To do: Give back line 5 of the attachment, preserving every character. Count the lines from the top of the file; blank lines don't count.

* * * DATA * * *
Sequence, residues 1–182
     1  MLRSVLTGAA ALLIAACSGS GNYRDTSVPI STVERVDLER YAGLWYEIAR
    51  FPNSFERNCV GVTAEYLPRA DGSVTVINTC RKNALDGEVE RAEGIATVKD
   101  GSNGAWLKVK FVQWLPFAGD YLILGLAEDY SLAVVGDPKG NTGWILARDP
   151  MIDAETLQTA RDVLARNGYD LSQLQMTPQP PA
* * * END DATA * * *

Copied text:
   151  MIDAETLQTA RDVLARNGYD LSQLQMTPQP PA